U.S. and Israel bolster beleaguered Palestinian leader
WASHINGTON: President George W. Bush and Prime Minister Ehud Olmert of Israel tried again Tuesday to strengthen the position of the Palestinian president, Mahmoud Abbas of the Fatah party, describing him as a voice of moderation in the Middle East, in contrast to the rival Hamas party, which they condemned as an extremist group dedicated to violence.
"He is the president of all the Palestinians," Bush said of Abbas, with Olmert by his side in the Oval Office. "He has spoken out for moderation. He is a voice that is a reasonable voice amongst the extremists in your neighborhood."
Olmert agreed, calling Abbas "perhaps the only person who was widely elected in a democratic manner by all the Palestinian people," and that he wanted to make "every possible effort to cooperate" with him.
Seizing the chance to condemn Hamas, Olmert said he was sure that many people have been "astounded by the brutality and the cruelty and the viciousness" of Hamas fighters.
"We who live in the Middle East perhaps are somewhat less surprised," Olmert said, "but not less outraged."
Bush and Olmert also reiterated their vision of Israel and a Palestinian state co-existing peacefully one day, in a way that fulfills the aspirations of the Palestinian people while guaranteeing the security of Israel.
Then the two leaders went into a private meeting, where the widening chasm between Fatah and Hamas and the advent of the Fatah-led emergency government in the West Bank would probably be central subjects.
On Monday, the United States and the European Union announced an end to their economic and political embargoes of the Palestinian Authority, in a bid to bolster Abbas and the new government he has established in the West Bank as a counterweight to Hamas's control of Gaza.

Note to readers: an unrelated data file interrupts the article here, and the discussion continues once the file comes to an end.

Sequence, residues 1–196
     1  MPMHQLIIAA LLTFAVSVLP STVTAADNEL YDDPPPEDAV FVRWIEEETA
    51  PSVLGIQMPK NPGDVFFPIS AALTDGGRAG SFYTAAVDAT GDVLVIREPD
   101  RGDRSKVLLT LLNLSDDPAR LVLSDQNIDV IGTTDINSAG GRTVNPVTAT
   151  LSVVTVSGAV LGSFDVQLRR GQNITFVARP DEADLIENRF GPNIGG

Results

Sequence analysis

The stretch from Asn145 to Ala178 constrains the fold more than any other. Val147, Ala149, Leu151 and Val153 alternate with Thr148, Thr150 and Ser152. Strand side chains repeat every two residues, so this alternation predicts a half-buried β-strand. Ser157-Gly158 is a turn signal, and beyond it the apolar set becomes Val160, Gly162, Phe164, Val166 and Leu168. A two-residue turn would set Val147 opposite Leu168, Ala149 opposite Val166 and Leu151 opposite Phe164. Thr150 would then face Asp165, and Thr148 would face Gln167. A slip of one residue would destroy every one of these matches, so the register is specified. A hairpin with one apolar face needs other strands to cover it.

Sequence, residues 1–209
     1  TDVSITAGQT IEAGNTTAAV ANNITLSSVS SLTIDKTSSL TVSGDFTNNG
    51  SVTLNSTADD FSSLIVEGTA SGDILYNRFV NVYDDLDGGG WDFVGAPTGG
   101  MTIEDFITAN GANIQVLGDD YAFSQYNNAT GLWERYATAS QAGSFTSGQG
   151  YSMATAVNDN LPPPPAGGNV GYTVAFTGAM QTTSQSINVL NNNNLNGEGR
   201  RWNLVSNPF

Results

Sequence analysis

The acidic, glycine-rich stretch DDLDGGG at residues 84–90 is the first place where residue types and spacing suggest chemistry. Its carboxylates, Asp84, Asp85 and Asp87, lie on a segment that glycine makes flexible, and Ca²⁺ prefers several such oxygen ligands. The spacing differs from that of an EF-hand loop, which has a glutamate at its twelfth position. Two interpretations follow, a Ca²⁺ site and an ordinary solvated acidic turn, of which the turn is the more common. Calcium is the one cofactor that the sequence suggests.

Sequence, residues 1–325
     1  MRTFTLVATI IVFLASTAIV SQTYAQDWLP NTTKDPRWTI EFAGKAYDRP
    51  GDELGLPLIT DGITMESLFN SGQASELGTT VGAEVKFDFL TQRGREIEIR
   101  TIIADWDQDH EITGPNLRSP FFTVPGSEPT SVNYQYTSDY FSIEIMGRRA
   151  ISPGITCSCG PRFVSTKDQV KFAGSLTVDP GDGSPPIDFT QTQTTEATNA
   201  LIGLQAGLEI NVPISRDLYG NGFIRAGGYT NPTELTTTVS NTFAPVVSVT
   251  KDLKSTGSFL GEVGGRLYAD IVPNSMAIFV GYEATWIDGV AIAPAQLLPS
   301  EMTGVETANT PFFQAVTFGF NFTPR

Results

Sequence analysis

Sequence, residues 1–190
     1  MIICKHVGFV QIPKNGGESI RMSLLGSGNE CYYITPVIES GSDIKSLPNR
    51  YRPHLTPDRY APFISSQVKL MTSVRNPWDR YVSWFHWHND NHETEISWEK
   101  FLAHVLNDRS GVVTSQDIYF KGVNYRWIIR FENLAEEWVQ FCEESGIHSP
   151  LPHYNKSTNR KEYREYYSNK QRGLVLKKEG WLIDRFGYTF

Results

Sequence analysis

The American decision freed up tens of millions of dollars in aid to the Palestinians that has been frozen since Hamas won legislative elections in early 2006.
The EU also said it would resume direct aid to the Palestinians, and Olmert said Israel would release to Abbas the Palestinian tax revenues that Israel has withheld since Hamas took control of the Palestinian Parliament.
In siding so firmly with Abbas, the Bush administration is steering into new territory in its dealings with the Palestinians.
It has essentially thrown its support behind the dismantling of a democratically elected government. Abbas's decision to strip Hamas of its representation in the National Security Council and to form a new government has kindled a legal battle over whether he has overstepped his powers under the Palestinian Constitution.
Israel allowed 12 trucks of food and medical supplies into the Gaza Strip on Tuesday, Israeli officials and international aid representatives said, in an effort to avert a looming crisis now that Hamas is in control, Isabel Kershner reported from Jerusalem.
In addition, Israeli ambulances evacuated at least two wounded Palestinians from the Gaza side of the Erez border crossing and took them to a hospital in Israel. The two had been wounded in Israeli-Palestinian crossfire on Monday, after Palestinian gunmen allied with Hamas attacked the border terminal.
The wounded men had been trapped in a no-man's land between Gaza and Israel, along with hundreds of other Palestinians seeking to leave the strip. One Palestinian man was killed in the attack.
Shlomo Dror, spokesman for the Coordinator of Activities in the Territories, the Israeli government agency that deals with the Palestinian areas, said 11 Palestinians were wounded in all, but most of them were treated by Israeli first aid crews on the Gaza side of the border.
Israel sealed off the crossings along the border with Gaza after Hamas seized power there five days ago. Israeli officials say there is nobody to deal with on the other side.
The Fatah-dominated Palestinian Authority security services that previously operated the Gaza side of the border crossings ran for their lives during the fighting. Israel, like much of the West, considers Hamas a terrorist organization and refuses to deal with it.
The trucks of supplies entered Gaza through the Kerem Shalom crossing, a little-used entry point originally intended for goods coming to Gaza from Egypt. International organizations received the cargo on the Palestinian side. The Karni crossing, Gaza's main entry and exit point for cargo, is no longer functional, Dror said, because much of the equipment on the Palestinian side was stolen by looters after the fighting.
Kirstie Campbell, a spokeswoman for the United Nations World Food Program, said that the food trucks on Tuesday contained vegetable oil and sugar, two basic commodities that are already running low in Gaza stores, partly as a result of panic buying.
There are plans for more trucks to pass through Wednesday, carrying mainly wheat flour. The World Food Program supports 275,000 of Gaza's 1.5 million Palestinians.